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Wellness Wednesday: Talk to your child about mental health

The pressures facing today’s generation of adolescents and young adults are taking a toll on their mental health, increasing the risk of drug addiction and suicide

“Even in the best of circumstances, adolescence and the transition from childhood to adulthood is a vulnerable phase of development,” says Dr Kavendren Odayar, a psychiatrist practising at Netcare Akeso Gqeberha, ahead of Teen Suicide Prevention Week.

“For any young person, it can be difficult to adjust to the rapid physical and emotional changes during this time – even without a mental health disorder in the picture. Parents, teachers, and caregivers should therefore be alert to signs that could suggest adolescents or teenagers are struggling,” Dr Odayar says.

“Many of us may remember how the challenges we faced at school and shifts in understanding of individual identity impacted our emotional state. On top of this, the current generation of young people still bears the mental health scars of the Covid-19 lockdown.

“In the past five years, data suggests that adolescent mental health has been deteriorating worldwide with high rates of depression, anxiety, and trauma-related outcomes including substance abuse.”

The prolonged period of social isolation and social distancing during the pandemic could have disrupted certain aspects of the critical development that takes place during adolescence. “This isolation goes against the social nature of human beings, and many teenagers are still living with the consequences of mental disorders that developed or escalated during lockdown,” he says.

“Temptation to experiment with drugs in the context of this mental health pandemic is more likely to be amplified, potentially leading to full-blown substance use disorders as there is known to be a relationship between addiction and other types of mental health disorders.”

Dr Odayar says many families prefer not to think about teenagers or adolescents taking their own lives and may not realise the full implications of changes in behaviour that could indicate mental health concerns.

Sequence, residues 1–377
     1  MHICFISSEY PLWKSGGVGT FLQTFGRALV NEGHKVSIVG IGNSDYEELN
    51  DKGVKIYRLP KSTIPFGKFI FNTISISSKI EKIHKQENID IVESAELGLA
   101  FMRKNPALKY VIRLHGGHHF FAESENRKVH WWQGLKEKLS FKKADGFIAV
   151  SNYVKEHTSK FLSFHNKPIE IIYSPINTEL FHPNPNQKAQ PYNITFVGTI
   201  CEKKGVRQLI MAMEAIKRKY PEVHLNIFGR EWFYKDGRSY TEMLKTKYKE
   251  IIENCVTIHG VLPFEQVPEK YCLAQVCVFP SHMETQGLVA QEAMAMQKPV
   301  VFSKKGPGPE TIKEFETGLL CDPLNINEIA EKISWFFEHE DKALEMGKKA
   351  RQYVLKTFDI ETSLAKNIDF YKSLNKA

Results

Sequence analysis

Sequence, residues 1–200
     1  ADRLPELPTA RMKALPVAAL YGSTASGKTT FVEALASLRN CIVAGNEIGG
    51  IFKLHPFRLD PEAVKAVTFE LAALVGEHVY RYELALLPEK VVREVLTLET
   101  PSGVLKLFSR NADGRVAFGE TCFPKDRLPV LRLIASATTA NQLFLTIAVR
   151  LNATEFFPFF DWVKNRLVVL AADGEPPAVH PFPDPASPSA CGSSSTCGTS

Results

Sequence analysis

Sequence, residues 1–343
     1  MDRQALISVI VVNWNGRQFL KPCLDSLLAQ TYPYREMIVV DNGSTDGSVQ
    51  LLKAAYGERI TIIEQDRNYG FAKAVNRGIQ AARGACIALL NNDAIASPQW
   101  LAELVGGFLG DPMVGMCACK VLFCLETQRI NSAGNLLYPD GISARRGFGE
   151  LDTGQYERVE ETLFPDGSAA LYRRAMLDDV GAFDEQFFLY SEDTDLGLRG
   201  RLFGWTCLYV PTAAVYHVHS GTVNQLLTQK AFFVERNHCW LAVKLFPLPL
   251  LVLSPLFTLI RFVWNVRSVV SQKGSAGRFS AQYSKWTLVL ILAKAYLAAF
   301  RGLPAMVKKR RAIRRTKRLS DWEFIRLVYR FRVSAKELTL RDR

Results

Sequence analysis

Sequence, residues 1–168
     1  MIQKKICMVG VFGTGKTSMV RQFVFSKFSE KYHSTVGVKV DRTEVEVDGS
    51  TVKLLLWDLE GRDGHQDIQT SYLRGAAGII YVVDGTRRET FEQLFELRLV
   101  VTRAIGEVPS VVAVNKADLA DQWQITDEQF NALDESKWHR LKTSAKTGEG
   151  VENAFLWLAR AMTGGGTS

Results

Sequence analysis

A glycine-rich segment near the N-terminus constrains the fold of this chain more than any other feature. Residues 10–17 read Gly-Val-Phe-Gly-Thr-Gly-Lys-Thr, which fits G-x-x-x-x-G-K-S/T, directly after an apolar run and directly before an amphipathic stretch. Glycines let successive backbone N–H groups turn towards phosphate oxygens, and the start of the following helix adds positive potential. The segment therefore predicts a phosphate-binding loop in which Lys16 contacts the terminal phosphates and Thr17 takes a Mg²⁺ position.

“This is significant, as adolescent suicide is most frequently due to mental illness, and suicide has been documented as the second largest contributor to adolescent mortality.”

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Young people experiencing anxiety, depression, or other ‘unseen’ emotional or psychiatric issues may find it hard to put what they are going through into words or might feel a sense of shame about speaking up about it to their parents, other adults or even their peers.

“To this day, there is still unfortunately sometimes a stigma attached to mental health, and this can result in young people feeling distressed and not seeking help. Given the high incidence of suicide in this age group, I would urge families to check in with the younger generation and ask them about how they are coping in a supportive, sensitive way.

“In the fast pace of day-to-day life, it is all too easy to lose touch with young people – even if they are living under the same roof. Early detection is key to preventing suicide. Parents, please talk to your children and take notice of them – no matter how busy you may be,” he says.

Social withdrawal, changes in eating or sleeping patterns, and acting out in ways that seem out of character can indicate potential cause for concern, as mental illness is picked up by those closest to them who notice changes in the person’s behaviour.

“These warning signs suggest the need to seek professional help. A young person talking about death or suicide is even more urgent and should never be ignored, dismissed, or punished.

“While there are not always noticeable signs of a young person’s suicidal intention, as a society, we need more awareness and less stigma to help adolescents and teenagers find mental health support to help prevent such tragedies wherever possible,” Dr Odayar says.

In any mental health emergency, or for advice in accessing mental health care for yourself or a loved one, reach for support. Netcare Akeso offers a 24-hour crisis line on 0861 435 787. Trained counsellors are available to talk to without judgement and can guide you on the various options for assistance. The South African Anxiety and Depression Group (SADAG) also provides a 24-hour suicide crisis helpline on 0800 567 567.

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